INTERVIEWS, REVIEWS & RELATED ARTICLES
"Craft is what enables you to be successful
when you're not inspired." - Brian Eno
American Songwriter FEBRUARY 2, 2011 - by Lisa Heffernan
BRYAN FERRY: OLYMPIA
The King of Cool is back. Not since 2002's Frantic has Ferry released an album with originals, and once again he recruits the talents of Dave Stewart (co-writer on a few tunes), Jonny Greenwood (guitar), Colin Good and Brian Eno (both on keys). Also appearing are David Gilmour, Nile Rodgers, Flea, and Phil Manzanera, with surprising collaborations featuring Scissor Sisters and Groove Armada.
It's not just the contributors, or the stylized cover art featuring Kate Moss as a modern-day Roxy girl, that hark back to another era. On the first single, You Can Dance, Ferry croons, "Jump on the table, slide down the pole / You can wear your sable, you can bare your soul," over synths eerily similar to those of Avalon's True To Life. Like many songs on Olympia, this European club hit is reminiscent of early '80s Roxy Music. But the piano-laden Me Oh My, a heartbreak ballad with all the depth of Roxy Music's My Only Love, is followed by Shameless, a fresh, if unexpected, electro-disco track made with London's Groove Armada. Heartache By Numbers, an anthemic collaboration with the Scissor Sisters, further displays his versatility, and features yet another Roxy member, Andy Mackay, on oboe.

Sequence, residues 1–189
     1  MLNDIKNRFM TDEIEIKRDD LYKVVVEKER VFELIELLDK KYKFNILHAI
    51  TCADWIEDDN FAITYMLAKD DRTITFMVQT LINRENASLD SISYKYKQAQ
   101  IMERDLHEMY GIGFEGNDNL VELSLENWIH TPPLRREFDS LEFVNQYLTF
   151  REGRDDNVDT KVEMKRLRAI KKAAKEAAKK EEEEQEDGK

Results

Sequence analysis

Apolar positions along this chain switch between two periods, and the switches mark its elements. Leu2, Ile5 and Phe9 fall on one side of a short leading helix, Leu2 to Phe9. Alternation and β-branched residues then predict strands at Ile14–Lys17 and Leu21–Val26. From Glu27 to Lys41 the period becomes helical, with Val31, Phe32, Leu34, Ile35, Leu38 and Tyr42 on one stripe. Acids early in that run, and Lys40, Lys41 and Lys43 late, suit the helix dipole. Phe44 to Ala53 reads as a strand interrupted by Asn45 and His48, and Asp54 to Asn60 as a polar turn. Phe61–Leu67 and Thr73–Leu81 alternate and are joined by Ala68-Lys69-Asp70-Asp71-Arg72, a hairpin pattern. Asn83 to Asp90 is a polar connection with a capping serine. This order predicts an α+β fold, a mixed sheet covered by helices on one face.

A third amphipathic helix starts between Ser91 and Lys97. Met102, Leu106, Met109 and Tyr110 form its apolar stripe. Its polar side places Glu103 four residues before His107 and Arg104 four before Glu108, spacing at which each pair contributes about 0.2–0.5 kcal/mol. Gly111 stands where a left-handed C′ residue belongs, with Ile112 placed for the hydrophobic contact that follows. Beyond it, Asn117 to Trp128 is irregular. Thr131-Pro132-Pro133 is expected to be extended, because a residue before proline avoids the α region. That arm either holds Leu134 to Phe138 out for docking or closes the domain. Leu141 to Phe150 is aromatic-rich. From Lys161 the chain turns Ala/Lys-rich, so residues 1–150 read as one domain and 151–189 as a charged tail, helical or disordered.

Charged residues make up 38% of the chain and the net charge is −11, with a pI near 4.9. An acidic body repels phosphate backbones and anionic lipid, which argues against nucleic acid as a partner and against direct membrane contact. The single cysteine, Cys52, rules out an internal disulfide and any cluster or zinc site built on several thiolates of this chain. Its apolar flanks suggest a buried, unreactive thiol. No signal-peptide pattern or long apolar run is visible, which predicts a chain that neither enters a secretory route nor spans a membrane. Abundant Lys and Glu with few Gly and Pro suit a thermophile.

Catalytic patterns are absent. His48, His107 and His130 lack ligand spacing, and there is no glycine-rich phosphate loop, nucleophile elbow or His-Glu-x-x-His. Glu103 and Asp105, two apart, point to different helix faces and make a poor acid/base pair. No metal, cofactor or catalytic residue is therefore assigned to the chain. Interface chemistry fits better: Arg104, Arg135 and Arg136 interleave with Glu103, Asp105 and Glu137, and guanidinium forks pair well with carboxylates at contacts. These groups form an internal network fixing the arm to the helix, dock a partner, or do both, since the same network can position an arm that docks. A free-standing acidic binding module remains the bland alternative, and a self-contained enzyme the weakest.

Ferry's string-laden interpretation of Traffic's No Face, No Name, No Number pales in comparison to his romantic, grandiose cover of the Tim Buckley classic, Song To The Siren. Ferry was born to sing the words: "Sail to me, let me enfold you / Here I am, here I am / Waiting to hold you," and the rich layers of strings, synths and guitars by the likes of Mackay, Eno, Gilmour and Greenwood (along with a dozen others) add to the intensity. The intriguing Alphaville, which Ferry named after Godard's 1965 sci-fi/film noir, is seductive enough to be the next Bond theme - and who better to pen it than a stylish wearer of bespoke suits?